We are spending more and more money and witnessing very little improvement, if any, in our public schools.
In a private business, innovation is essential if a company is to be able to avoid bankruptcy. Profit is the cost of staying in business, and profit requires satisfied customers.
So if any business doesn't continuously increase the quality of its products and services while simultaneously reducing costs through productivity gains, the firm's existing or new competition will persuade its customers to choose its offerings in the competitive marketplace.
Of course, unions don't relish competition and neither do most government bureaucrats. Except when they're involved with making their own individual purchasing decisions, of course.
All self interested individuals are able without hesitation to differentiate between MOM based and OPM decisions in our personal lives, but when OPM is within the reach of union and government officials, well, that's often another story altogether.
Still, Juan Williams offers hope for what the scientific method can bring in A High-Tech Fix for Broken Schools. His TV special "Fixing Our Schools" airs Sunday evening on Fox at 9 p.m. Eastern time:
"Mooresville, N.C., is best known as "Race City, U.S.A.," home of
Nascar. But these days Mooresville is leading the nation in a different
way—by using digital technology to improve public education. . . .
Our schools are undoubtedly in crisis. Prize-winning documentaries
such as "Waiting for 'Superman'" have revealed the terrible cost of
losing young minds to failing schools. Dropout rates are particularly
high among minority children in urban schools. But even parents in the
best suburban schools are alarmed by the fact that the U.S. now ranks
30th world-wide in math, 23rd in science, and 17th in literacy.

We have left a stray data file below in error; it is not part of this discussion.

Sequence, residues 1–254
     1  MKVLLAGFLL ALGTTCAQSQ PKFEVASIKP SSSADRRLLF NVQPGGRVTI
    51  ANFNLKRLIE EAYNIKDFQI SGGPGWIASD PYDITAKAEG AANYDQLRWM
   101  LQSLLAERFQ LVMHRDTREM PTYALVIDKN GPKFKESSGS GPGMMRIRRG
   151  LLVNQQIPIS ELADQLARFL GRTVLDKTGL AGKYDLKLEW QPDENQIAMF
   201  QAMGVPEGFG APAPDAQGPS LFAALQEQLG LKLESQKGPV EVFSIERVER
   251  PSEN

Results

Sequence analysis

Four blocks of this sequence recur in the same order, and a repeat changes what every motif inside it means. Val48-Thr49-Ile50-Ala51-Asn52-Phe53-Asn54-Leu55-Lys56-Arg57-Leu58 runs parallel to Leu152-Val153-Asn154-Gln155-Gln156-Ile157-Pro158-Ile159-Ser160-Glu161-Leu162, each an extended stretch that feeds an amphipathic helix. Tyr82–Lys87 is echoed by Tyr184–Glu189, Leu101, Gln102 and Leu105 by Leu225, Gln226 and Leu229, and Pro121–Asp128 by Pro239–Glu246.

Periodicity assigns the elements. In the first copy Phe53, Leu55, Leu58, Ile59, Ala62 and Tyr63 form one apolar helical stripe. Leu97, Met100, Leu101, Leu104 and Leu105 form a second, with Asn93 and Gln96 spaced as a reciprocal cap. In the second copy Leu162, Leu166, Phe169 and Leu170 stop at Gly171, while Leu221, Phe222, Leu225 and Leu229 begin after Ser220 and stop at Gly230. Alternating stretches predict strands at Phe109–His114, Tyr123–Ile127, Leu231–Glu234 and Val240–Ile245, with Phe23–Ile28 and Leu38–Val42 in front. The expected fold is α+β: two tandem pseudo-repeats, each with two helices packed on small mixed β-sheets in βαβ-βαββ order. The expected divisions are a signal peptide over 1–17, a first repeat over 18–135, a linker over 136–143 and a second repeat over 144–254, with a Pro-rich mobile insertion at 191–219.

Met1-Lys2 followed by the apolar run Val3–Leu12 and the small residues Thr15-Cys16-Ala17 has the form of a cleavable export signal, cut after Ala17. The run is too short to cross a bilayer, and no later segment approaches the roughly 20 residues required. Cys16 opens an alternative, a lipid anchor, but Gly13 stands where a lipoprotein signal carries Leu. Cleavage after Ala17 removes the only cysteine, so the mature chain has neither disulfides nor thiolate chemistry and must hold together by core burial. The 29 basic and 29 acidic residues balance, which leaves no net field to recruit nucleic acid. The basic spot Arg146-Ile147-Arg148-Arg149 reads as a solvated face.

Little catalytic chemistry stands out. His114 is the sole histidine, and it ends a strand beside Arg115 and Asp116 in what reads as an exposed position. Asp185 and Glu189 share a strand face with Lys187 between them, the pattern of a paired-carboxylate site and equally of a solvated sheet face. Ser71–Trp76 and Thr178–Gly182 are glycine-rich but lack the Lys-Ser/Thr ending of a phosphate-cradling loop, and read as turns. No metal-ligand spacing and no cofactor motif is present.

This is why the modestly funded schools
in Mooresville are drawing national attention. The school district
ranks 100th out of 115 school districts in North Carolina on per-pupil
spending. But in the last 10 years, its test scores have pushed it from a
middling rank among North Carolina's school districts to a tie for
Three years ago, 73% of Mooresville's students tested as proficient
in math, reading and science. Today, 89% are proficient in those
The big change in Mooresville began when Superintendent Mark Edwards
took the radical step of cutting back on teachers and using the money to
give every student from third grade through high school a laptop
"Think about how different the world is
today in terms of the media, in terms of medicine, in terms of the way
people really experience their lives, and education is stuck in a
19th-century model," Mr. Klein explains. "So I'm convinced that we can
[use computers to] change the way we educate our kids." He adds that the
computers don't remove the need for good teachers but help "teachers do
their work in a much more effective way." . . .
The bottom line is that bringing more technology into the classroom
shows tremendous promise to improve schools. And any doubters should
take a look at the little school district now speeding along in
Getting "more for less" serves as the foundation for productivity improvements. More education at a lower cost fits that description exactly.
In other words, more output for less input equates to better test scores and fewer teachers being aided by technology or computers. But using the ingenuity and creativity of educators to create and build a better educational "mousetrap" is the key.
Accordingly, giving teachers the tools and freedom to experiment with new teaching methods and time use is an absolute winner.
So is technology when used properly.
As is parental choice with respect to their children's education.
Mooresville is proof of the success of that very simple formula.
Let's spread the word and not be afraid to change.
We can't change anything if we aren't first willing and able to change our minds.